Wednesday, March 23, 2011

Wes Farrell and David Cassidy on...David Cassidy

For those who don't recall the name Wes Farrell, he was a producer and music businessman who, among many other accomplishments, produced the records of the Partridge Family.

Now I realize that some of you may not necessarily recall David Cassidy. He first achieved stratospheric fame as one of the actors, and the lead singer, in said Partridge Family. He has continued his involvement in music ever since, though not necessarily with screaming girls following his every move.

The Partridge Family, like the Monkees before it, was a band that was primarily created for a television show. Unlike their TV predecessors, who eventually exercised some control over their music, the Partridge Family remained firmly under the control of the music folks. Most of the actors in the Partridge Family didn't even appear on the records themselves. Cassidy of course was on the records, and his TV mother and real life stepmother Shirley Jones - a woman with an illustrious musical career of her own - was used as a backup singer.

When singer-to-be Cassidy met producer Farrell, two things were clear - Cassidy had never been in a recording studio before, and Cassidy's personal tastes in music did not necessarily coincide with what Farrell envisioned for the television show. Farrell, in a Tiger Beat interview before the release of the Partridge Family's second LP:

After talking with Paul Witt and Bob Claver, the show’s producers, the next step was deciding what is The Partridge Family? Who is it? Where is it? So we began with David, and it was funny because he was a bit unprepared. Not knowing who or what is a Wes Farrell, we arranged to meet at Paul Witt’s office. David came down with his guitar. He wasn’t really sure he could describe to me what he wanted to do vocally because he was a little hung up on certain kinds of music that weren’t necessarily the type I wanted to record.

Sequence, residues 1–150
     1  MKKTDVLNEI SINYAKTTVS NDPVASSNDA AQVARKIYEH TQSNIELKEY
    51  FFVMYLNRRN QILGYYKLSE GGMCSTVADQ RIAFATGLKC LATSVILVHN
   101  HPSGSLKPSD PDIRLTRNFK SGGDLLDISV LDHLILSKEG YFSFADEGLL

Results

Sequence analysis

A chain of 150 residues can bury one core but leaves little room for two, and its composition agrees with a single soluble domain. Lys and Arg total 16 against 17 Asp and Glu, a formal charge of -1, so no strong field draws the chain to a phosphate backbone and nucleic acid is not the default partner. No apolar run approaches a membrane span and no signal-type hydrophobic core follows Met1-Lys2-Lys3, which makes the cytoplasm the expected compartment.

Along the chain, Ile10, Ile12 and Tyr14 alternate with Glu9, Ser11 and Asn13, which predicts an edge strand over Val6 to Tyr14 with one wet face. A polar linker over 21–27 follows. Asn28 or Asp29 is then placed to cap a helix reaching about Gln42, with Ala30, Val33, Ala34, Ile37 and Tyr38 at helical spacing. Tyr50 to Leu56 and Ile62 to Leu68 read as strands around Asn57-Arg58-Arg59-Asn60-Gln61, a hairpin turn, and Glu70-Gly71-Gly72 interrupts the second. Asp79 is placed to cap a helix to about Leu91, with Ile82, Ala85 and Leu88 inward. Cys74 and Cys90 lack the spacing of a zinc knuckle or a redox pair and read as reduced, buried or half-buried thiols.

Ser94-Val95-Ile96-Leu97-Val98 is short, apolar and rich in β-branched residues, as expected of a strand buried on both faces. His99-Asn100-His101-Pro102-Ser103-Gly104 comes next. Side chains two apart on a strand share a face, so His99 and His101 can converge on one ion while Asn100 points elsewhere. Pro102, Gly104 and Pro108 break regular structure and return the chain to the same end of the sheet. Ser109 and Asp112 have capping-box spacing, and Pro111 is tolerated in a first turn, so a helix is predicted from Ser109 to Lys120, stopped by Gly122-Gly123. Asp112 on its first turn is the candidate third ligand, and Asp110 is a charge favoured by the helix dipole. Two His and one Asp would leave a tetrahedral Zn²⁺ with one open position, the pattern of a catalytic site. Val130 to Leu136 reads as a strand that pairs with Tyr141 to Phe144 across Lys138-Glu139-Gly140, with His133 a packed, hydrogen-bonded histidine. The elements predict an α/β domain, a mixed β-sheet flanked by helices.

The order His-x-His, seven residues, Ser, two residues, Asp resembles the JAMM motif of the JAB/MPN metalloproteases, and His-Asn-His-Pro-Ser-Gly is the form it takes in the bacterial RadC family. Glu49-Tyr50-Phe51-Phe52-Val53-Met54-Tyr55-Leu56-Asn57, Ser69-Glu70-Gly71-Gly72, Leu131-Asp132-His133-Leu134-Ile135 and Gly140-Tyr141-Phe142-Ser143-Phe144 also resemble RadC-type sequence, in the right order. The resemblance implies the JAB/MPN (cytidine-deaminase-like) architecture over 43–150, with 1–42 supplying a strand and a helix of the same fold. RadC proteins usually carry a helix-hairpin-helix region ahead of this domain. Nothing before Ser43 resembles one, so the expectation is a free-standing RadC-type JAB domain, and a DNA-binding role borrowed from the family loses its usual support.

Cassidy has subsequently described his musical interests at that time, and this Gary James interview (which occurred decades after the Partridge Family phenomenon) illustrates this:

You know, I had a lot of musical influences in my career, some of which were really juxtaposition to antithesis perhaps of what my public image was from the television show I did. Long before I was on television playing this character and doing music that was designed for that show. I'd seen Hendrix five times. I'd seen B.B. King, Clapton, Albert King, Muddy Waters and all kinds of Rock and heavy Blues influences. So, I was a guy that had a vastly different musical taste than just the stuff that I was performing.

But Cassidy was a professional, worked well with Farrell, mastered the recording process quickly...and became a bubblegum superstar. But Cassidy still felt stifled, and as a result was open to a 1972 Rolling Stone photo shoot which was anything but bubblegum.

Oh least Yoko Ono wasn't in the picture.

Tuesday, March 22, 2011


Another post related to my father's death, and to music.

My father was a user of the Finale software package, which is published by MakeMusic, Inc. On February 26 he had a support question on the software, which he submitted via MakeMusic's automated customer support system. As it turns out, this is the ONLY way in which you can contact MakeMusic customer support. On the surface it seems like a reasonable way to do business, since 99.9% of all people who use the Finale software have Internet and e-mail access.